Canary Wharfian

Jul 8, 2014
We had a conversation with an emerging markets trading Managing Director.

Read our first interview here.

Can you talk a little about your educational background?

I got a degree in the late 90’s in Economics. Afterwards, I got a JD and did some work in law.

How did your career move from law into finance?

Well, I worked for a few years in finance law, doing M&A and financing; also a bit of restructuring. But, I always kind of liked finance a little bit better than law I guess. I think it was a personality thing for me. In law, people tend to be more introverted and individual, which is perfectly okay. For me, though, I enjoy being on the trading or banking floor, where you can go up and talk with people. In general, I think banking has an environment which attracts extroverted people.

You worked for a US bank for awhile and now a Swiss bank.

Yeah, and now I’m still doing similar work in fixed income trading and lending in London. I do a bit of work in Europe, but I mostly focus on emerging markets.

What are some of the cultural differences between working at a US bank and a Swiss one?

I don’t know if you can generalize about all US banks, but more decisions were driven from the US as opposed to locally at the Swiss bank. At the Swiss bank, there is a lot more local decision-making. At the US bank, it was more hierarchical, like in the army, while at the Swiss bank everything is more run by consensuses or committee.

But I think that what’s more important than the bank culture is your team and your boss, because you can have teams with very different cultures within the same bank. As long as you are happy with your team, I believe that is more important than the bank culture.

Does that mean you are at the Swiss firm because of the team?

Exactly. Actually, my boss moved to the Swiss bank, and he invited me to come join him. I really liked working with him so I transferred too. Like I said, it matters a lot less what the large organization is and more the immediate team and management. I would encourage someone entering the field to find which team is the right fit for their goals and interests.

How long have you been here in London?

I’ve been here for 6 or so years.

What do you like about working in finance in London?

It’s nice being in the central hub of where lots of activity is happening. It makes things easier than being in a small satellite office. You know, it doesn’t matter anymore whether you are looking at Russia, Poland, Turkey, whatever. The bottom line is that the decision to finance or not is taken in London, so it’s the place where the decision making happens.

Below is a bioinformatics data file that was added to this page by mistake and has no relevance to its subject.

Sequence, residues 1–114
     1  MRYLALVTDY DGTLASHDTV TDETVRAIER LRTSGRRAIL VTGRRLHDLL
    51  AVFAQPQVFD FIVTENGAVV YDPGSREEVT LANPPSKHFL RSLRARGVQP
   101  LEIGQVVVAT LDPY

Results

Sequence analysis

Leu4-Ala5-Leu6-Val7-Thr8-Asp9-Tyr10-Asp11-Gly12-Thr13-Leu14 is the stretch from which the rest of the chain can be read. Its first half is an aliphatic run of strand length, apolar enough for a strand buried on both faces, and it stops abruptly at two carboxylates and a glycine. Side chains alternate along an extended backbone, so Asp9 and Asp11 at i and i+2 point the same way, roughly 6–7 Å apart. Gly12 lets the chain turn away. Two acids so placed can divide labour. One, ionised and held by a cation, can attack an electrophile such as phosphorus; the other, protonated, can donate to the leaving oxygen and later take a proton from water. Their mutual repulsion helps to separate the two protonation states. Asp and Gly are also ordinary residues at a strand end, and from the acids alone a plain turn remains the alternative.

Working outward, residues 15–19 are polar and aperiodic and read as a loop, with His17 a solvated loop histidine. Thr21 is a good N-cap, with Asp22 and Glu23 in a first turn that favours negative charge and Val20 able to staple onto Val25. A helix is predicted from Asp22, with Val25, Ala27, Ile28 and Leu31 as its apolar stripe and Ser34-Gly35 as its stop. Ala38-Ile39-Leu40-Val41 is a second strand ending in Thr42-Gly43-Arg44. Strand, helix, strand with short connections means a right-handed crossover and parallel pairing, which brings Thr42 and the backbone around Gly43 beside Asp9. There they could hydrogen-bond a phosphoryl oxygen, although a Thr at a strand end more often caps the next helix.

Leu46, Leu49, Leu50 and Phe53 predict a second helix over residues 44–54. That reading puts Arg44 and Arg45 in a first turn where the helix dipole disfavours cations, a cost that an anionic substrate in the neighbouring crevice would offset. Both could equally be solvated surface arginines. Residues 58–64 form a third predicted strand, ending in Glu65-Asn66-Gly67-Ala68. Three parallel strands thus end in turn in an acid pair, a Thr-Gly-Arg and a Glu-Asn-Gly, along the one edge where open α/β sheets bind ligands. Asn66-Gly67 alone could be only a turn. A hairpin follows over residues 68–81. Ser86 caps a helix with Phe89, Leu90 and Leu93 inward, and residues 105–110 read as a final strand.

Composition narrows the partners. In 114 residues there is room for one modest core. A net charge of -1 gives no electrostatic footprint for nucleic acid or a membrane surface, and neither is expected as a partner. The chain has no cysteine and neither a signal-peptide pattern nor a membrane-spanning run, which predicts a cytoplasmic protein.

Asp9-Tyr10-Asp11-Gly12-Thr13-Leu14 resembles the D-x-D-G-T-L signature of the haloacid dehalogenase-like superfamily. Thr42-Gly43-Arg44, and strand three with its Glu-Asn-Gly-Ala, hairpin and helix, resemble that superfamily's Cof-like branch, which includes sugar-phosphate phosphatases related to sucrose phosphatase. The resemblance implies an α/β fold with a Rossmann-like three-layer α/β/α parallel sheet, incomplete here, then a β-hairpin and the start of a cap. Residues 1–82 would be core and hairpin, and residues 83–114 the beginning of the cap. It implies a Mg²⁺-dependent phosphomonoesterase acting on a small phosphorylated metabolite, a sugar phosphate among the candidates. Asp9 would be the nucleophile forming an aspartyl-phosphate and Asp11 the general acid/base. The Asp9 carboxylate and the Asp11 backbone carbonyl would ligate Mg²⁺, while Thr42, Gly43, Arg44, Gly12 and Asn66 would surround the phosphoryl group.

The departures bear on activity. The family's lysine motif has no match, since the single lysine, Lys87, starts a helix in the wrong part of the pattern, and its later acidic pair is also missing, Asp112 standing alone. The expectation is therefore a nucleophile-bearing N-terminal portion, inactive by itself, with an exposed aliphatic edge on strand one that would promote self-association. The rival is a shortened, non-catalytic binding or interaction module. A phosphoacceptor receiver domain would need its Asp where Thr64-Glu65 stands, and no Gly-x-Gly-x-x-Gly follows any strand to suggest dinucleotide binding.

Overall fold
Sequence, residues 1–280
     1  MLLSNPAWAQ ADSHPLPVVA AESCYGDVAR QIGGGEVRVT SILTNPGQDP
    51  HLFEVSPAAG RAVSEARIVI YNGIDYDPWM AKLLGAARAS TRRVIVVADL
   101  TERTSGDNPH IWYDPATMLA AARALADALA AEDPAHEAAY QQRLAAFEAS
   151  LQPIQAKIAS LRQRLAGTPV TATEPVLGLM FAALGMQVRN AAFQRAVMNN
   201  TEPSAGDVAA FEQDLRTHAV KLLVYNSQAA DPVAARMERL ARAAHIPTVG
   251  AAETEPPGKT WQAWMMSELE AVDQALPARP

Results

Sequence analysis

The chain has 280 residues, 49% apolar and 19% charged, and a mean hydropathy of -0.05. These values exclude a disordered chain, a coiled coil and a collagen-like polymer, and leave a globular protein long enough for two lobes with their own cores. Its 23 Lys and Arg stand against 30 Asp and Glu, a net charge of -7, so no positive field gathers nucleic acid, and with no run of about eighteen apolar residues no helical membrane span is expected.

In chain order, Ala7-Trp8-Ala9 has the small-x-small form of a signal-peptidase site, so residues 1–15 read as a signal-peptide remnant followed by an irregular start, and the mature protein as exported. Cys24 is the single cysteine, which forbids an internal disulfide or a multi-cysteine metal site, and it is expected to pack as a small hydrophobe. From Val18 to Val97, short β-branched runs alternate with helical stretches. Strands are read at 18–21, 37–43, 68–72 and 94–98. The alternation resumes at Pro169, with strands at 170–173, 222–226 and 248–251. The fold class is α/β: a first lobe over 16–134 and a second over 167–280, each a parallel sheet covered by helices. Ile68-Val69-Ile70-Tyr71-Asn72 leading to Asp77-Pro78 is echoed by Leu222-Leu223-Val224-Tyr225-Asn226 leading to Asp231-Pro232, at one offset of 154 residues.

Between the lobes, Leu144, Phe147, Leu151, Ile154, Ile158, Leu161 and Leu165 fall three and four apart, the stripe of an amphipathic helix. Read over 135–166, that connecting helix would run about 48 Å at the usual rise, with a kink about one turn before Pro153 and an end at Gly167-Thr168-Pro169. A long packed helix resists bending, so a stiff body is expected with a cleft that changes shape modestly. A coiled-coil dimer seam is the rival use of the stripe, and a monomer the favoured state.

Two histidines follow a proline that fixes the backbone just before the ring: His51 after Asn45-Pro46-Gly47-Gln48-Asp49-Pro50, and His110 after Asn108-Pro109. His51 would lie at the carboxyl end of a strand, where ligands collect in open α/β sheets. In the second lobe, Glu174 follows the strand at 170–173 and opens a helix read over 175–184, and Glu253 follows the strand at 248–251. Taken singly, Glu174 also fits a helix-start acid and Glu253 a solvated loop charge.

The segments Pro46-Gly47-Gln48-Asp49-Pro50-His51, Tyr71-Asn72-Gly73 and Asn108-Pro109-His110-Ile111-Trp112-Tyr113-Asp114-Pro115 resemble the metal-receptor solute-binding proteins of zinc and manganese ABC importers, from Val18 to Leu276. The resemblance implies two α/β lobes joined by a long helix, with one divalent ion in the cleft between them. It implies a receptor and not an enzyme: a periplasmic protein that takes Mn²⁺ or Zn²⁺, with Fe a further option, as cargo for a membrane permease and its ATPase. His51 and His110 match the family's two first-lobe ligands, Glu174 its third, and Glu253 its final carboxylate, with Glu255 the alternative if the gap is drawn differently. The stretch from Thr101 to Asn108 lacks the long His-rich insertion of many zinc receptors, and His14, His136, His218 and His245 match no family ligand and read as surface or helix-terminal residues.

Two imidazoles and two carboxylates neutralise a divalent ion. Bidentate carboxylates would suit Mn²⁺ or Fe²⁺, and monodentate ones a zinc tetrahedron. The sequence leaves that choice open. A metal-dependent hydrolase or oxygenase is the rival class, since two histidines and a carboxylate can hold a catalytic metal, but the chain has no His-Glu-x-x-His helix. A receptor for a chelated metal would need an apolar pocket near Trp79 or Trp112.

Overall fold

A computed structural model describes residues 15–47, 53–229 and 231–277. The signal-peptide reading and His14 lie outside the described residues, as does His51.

What would you say is a typical day for you?

Your hours depend more on the group you are with than the bank you are at. For me, I usually work 9am to 8pm. You spend lots of time there, but it also depends on your seniority because responsibilities change a bit. I spend a lot of time dealing with emails, answering different people, participating in conference calls, etc. Depending on the day, I may have meetings with clients in the office or elsewhere in London. A lot of participating in meetings and conferences is to lessen differences and breach the gap in order to structure deals and increase the chances of them being successful.

Nowadays, because of the increase in regulations, about 10 percent of my day is dealing with all kinds of internal bureaucracies, like preparations for committees. I think this is pretty true at most banks.

How do you think the changes in regulations will affect the industry as a whole? Would you say the sales side is not as lucrative as before?

It’s true that the sales side is becoming less lucrative because of regulations, but it's also slightly because of technological advancements. This is especially true regarding more liquid assets. As more and more trading gets automated, there is less need for human intervention. But that is mostly for stocks and highly liquid assets. For less liquid markets where there isn’t a public market, such as loans and derivatives, structure-product stuff, etc., it’s much harder to replace this with a computer, so most people will be fine.

I wouldn’t be worried much about the industry as a whole. Just try to learn the basic skills well, the more the better, and soon you will be able to do a lot of stuff, whether it’s in a bank or on the buy side.

What are some of these skills?

Something I did early in my career that I think really helped me was learning general credit skills. I think you should consider doing this, unless you really know you want to be involved in equities, in which case you should learn general equity skills. You should definitely learn analytic and technical skills, and you can work in a bank in any number of different roles.

What’s pretty common these days is for someone to work for maybe 3 years at a bank and then move to a hedge fund, a private equity fund, or an asset management firm like Fidelity or Blackstone. You can do that when you have the basic skills in equities side or fixed income side, for example.

What do you see yourself doing in 5 years?

I really like what I do for now. I really like trying to originate a deal, structure it, analyze it, find co-investors or hedge funds if necessary and get them interested in making a deal. It’s a challenging career that can also be very rewarding. I was never able to look forward 5 years, not even when I started. I think it depends on your personality. I prefer to react to opportunities rather than having one plan and following it no matter what, while some people prefer the opposite.

Thanks so much for your time!

No problem.
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